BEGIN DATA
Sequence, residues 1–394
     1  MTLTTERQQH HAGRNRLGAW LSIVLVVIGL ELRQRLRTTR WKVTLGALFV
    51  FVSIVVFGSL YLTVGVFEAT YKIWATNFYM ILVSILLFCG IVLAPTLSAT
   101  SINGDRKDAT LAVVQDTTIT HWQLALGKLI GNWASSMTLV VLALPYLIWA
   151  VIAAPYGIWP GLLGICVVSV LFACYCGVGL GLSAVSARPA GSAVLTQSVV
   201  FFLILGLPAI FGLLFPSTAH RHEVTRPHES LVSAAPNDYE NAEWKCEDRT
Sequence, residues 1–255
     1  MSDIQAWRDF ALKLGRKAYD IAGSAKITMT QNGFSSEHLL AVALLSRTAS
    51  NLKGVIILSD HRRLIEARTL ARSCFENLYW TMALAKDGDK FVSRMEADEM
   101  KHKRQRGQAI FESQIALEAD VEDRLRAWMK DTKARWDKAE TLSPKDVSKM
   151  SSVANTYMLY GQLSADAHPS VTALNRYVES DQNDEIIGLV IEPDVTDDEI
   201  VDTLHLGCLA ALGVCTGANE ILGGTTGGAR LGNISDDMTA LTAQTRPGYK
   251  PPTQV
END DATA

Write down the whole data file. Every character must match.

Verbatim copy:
Sequence, residues 1–394
     1  MTLTTERQQH HAGRNRLGAW LSIVLVVIGL ELRQRLRTTR WKVTLGALFV
    51  FVSIVVFGSL YLTVGVFEAT YKIWATNFYM ILVSILLFCG IVLAPTLSAT
   101  SINGDRKDAT LAVVQDTTIT HWQLALGKLI GNWASSMTLV VLALPYLIWA
   151  VIAAPYGIWP GLLGICVVSV LFACYCGVGL GLSAVSARPA GSAVLTQSVV
   201  FFLILGLPAI FGLLFPSTAH RHEVTRPHES LVSAAPNDYE NAEWKCEDRT
Sequence, residues 1–255
     1  MSDIQAWRDF ALKLGRKAYD IAGSAKITMT QNGFSSEHLL AVALLSRTAS
    51  NLKGVIILSD HRRLIEARTL ARSCFENLYW TMALAKDGDK FVSRMEADEM
   101  KHKRQRGQAI FESQIALEAD VEDRLRAWMK DTKARWDKAE TLSPKDVSKM
   151  SSVANTYMLY GQLSADAHPS VTALNRYVES DQNDEIIGLV IEPDVTDDEI
   201  VDTLHLGCLA ALGVCTGANE ILGGTTGGAR LGNISDDMTA LTAQTRPGYK
   251  PPTQV